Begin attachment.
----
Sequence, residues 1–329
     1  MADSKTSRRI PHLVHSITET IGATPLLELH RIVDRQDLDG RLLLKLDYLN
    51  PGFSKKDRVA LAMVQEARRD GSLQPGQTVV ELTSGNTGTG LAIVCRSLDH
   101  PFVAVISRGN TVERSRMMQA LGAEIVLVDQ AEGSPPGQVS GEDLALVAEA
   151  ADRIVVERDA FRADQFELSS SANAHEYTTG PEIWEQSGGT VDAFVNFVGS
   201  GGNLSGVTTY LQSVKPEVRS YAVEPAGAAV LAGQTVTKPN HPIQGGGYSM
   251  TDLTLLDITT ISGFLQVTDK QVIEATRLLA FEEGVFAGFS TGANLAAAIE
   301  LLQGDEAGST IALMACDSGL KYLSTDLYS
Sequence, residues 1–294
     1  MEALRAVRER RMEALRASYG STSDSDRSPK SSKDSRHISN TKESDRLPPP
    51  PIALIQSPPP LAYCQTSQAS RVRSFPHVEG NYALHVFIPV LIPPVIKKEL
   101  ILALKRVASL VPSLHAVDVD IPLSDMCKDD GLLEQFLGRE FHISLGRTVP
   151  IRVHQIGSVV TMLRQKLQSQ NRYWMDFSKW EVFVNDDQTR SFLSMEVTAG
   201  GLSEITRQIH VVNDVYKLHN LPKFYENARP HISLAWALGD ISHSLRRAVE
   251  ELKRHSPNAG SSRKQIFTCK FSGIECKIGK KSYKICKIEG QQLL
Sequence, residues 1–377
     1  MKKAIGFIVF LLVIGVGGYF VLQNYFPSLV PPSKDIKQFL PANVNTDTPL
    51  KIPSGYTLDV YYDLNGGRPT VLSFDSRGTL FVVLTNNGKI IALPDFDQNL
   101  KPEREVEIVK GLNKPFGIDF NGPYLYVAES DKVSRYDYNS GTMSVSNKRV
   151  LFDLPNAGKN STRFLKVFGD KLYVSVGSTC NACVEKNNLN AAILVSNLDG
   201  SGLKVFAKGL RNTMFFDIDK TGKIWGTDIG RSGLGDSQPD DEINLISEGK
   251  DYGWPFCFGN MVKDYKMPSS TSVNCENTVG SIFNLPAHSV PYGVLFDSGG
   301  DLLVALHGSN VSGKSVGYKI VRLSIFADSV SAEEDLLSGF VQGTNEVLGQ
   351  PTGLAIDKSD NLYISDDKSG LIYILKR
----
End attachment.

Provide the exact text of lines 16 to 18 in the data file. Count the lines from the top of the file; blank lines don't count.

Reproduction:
Sequence, residues 1–377
     1  MKKAIGFIVF LLVIGVGGYF VLQNYFPSLV PPSKDIKQFL PANVNTDTPL
    51  KIPSGYTLDV YYDLNGGRPT VLSFDSRGTL FVVLTNNGKI IALPDFDQNL